Craig out did himself with his variety of stories. The dark sci-fi in Mandy in the Jar-O have an alien abductee’s horrific realization that her wildest dreams of being wanted are not so wonderful. The Lovercraftian tale of Albert that has little dialogue but such gripping description that every pool of water larger than the size of a drop suspect from harboring tentacled elder gods. These stories have the ability to catch and hold a reader’s attention. After every story I was left asking “When can I read a full story about this?”

I highly recommend this to anyone who loves horror. But I especially recommend it to anyone who wants to look into horror for the first time. It will give you a great primer for the genre and help you find a niche inside of it you will like.

 

Good job Craig
Cheers!

Well, I could hardly have asked for a better review than that! Let’s hope that it hitting Goodreads and the web in general gives Not Before Bed another little jolt of downloads. I think this is probably the appropriate time for me to give you some updates on the collection itself, too.

Since moving the collection from Smashwords to Kindle Direct Publishing, I’ve forced myself to NOT constantly check how many downloads I’ve been getting every month. And, because of that, I actually forgot to check altogether. Until today. And so, I can now inform you all that in the last year Not Before Bed, Amazon and Smashwords combined, has had a staggering…

13,426 downloads!

I have no idea how this happened, but July last year showed a massive surge which then frittered out to just a few a month. And since I’ve only been looking at the last few months, I almost missed the huge 12,000ish downloads from middle of last year.

While it may be like this...

 

...it feels more like this.

 
 
 
 

 

 

 

 

 

 

 

I think this causes for a huge thank you to everyone, whether they’re reading this or not, who has taken the time to download Not Before Bed. I never thought my shoddy little short story collection would be such a (relative) hit. I have no idea WHY this happened, but I’m not going to argue. If I can get but a portion of those downloads for Greaveburn, I’ll be a very happy camper. Special thanks, of course, go to those who went the extra mile to review it, too; you’ve all been extremely supportive and helpful in your feedback.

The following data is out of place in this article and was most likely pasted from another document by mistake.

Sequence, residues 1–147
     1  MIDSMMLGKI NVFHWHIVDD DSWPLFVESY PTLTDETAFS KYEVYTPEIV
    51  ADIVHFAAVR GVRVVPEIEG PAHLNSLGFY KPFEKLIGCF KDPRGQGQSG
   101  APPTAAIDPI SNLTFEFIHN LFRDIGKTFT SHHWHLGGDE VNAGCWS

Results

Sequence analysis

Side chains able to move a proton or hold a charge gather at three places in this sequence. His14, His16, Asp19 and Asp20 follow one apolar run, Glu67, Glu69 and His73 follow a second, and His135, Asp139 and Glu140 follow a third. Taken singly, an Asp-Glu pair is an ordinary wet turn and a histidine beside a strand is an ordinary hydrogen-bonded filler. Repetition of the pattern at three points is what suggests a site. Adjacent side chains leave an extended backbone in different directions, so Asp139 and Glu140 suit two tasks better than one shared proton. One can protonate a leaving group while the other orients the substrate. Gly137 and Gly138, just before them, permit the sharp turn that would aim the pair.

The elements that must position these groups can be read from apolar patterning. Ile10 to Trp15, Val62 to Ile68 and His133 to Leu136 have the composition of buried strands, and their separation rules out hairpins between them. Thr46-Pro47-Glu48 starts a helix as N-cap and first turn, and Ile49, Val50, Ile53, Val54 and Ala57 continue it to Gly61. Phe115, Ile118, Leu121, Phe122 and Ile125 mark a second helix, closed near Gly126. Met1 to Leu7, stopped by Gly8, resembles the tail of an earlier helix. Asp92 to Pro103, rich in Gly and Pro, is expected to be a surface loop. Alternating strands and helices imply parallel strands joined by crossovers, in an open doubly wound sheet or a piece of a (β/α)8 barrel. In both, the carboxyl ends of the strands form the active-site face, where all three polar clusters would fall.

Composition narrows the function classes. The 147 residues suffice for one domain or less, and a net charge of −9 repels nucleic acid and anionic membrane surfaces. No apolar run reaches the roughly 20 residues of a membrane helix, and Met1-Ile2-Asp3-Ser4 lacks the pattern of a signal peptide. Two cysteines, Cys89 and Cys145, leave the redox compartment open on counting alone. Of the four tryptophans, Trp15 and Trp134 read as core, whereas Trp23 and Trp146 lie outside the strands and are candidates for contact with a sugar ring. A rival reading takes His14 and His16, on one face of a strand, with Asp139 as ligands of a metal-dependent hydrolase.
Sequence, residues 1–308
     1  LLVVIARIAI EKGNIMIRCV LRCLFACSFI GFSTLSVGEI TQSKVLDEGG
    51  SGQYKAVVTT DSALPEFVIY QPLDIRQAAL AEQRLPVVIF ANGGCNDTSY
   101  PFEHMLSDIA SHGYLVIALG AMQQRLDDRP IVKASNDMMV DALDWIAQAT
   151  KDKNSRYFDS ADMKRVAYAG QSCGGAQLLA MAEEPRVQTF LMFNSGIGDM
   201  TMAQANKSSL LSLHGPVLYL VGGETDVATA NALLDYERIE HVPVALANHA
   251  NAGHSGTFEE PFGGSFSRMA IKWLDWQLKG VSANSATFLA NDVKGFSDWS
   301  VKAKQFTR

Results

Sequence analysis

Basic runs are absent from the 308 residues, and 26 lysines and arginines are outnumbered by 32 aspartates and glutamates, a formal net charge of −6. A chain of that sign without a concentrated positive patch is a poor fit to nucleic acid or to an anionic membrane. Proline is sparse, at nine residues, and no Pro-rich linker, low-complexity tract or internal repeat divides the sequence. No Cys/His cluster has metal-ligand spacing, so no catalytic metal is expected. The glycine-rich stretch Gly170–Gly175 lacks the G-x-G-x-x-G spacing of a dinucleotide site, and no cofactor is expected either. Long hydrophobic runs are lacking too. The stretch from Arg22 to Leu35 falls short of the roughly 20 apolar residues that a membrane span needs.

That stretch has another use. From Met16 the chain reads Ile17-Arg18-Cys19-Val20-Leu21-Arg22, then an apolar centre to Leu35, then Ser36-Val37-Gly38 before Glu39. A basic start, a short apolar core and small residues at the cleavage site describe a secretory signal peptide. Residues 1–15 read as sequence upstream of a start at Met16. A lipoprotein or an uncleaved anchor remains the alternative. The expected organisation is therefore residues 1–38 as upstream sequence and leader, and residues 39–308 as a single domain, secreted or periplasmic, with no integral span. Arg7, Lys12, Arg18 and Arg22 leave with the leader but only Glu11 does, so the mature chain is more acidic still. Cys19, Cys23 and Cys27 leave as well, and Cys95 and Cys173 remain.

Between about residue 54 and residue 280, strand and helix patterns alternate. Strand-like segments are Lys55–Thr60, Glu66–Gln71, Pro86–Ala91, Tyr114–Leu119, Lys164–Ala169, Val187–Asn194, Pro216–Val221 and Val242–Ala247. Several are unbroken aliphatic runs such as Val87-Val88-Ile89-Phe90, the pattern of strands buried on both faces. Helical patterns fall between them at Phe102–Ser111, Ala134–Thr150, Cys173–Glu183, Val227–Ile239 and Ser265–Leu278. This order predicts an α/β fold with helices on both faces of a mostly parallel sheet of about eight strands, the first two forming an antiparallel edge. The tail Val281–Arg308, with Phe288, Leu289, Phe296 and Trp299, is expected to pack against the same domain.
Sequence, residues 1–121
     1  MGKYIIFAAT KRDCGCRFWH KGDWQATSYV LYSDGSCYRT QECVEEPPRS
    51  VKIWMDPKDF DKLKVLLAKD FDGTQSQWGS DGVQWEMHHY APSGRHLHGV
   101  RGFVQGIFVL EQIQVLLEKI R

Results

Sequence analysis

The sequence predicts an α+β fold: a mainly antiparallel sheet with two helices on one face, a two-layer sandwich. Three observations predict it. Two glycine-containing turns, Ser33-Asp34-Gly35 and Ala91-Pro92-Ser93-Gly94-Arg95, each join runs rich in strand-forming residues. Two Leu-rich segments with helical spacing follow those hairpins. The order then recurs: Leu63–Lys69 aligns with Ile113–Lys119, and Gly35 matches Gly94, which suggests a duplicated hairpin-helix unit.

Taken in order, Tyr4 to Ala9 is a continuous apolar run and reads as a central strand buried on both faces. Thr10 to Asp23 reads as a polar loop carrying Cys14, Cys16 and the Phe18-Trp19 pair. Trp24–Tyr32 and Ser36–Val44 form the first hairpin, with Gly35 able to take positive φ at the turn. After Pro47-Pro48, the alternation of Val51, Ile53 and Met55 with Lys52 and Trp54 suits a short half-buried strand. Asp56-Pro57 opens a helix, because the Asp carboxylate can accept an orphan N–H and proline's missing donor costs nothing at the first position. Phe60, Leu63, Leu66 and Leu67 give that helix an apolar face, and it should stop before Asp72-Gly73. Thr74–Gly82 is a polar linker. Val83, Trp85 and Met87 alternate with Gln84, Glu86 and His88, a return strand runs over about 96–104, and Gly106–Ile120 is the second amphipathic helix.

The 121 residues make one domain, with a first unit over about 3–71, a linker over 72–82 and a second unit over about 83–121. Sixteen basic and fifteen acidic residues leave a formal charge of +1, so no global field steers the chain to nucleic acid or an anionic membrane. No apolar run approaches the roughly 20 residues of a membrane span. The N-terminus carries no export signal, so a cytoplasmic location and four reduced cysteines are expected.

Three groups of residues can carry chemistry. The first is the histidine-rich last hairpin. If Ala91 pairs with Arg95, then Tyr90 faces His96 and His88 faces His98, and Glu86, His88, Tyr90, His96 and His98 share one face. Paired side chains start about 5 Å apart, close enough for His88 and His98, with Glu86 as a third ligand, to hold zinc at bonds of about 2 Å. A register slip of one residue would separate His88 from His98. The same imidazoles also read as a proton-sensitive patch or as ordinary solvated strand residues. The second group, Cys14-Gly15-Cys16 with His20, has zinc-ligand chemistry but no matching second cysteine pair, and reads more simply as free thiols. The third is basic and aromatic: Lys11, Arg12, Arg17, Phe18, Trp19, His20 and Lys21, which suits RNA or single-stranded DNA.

And with that, I think it’s time to put Not Before Bed to….well, to bed. It’ll still be out there to download for all those people who still manage to stumble onto it. But for me, it’s been a great experience that’s over now. I’m going home to concentrate on the next project. From here on in, it’s all about Greaveburn’s release later this year. And so, I’d like to bid a final thank you to everyone who made Not Before Bed a huge personal success. Stick around, there’s more writing to come!

Thanks for reading.


100th post!

It seems that the planets are aligning, the Ley Lines are pulsing with mystic energy and Druids all over the Britain are capering around naked to the sound of a flute.

Yes, it’s my 100th post. And, as if by divine intervention, I have good news.

A submission to Misanthrope Press’ Werewolf anthology Children of the Moon has been accepted! Hunting Grounds is a werewolf tale with a difference. Stephen is a werewolf who works in a coffee shop, because the smell of roasting beans drowns out the stench of humans that usually assaults his senses. We find him on a regular day at work, tryign to keep his wolfishness under control while wooing a regular customer. And all seems to be going well, unti after the coffee house is closed and the smell is gone. That’s when Stephen comes across a powerful scent lingering around one of the tables; a scent that sets his inner wolf growling.

And this gives me an excuse to post one of my favourite screen Werewolves...George from Being Human

Based in my home town of Doncaster, people from around here should recognise the landmarks and routes taken throughout the story (I hope). This story was used for my final assignment on the OU’s Advanced Creative Writing course and I’m really glad it got to see new life in an anthology.

The deets? All I know thus far is that Children of the Moon is due for release in September this year. Although it’s published in America ( My first overseas publication), you’ll be able to order print copies for delivery (as I’ll be doing). As I hear more, and see covers etc. I’ll keep you updated.

 

Thanks for reading!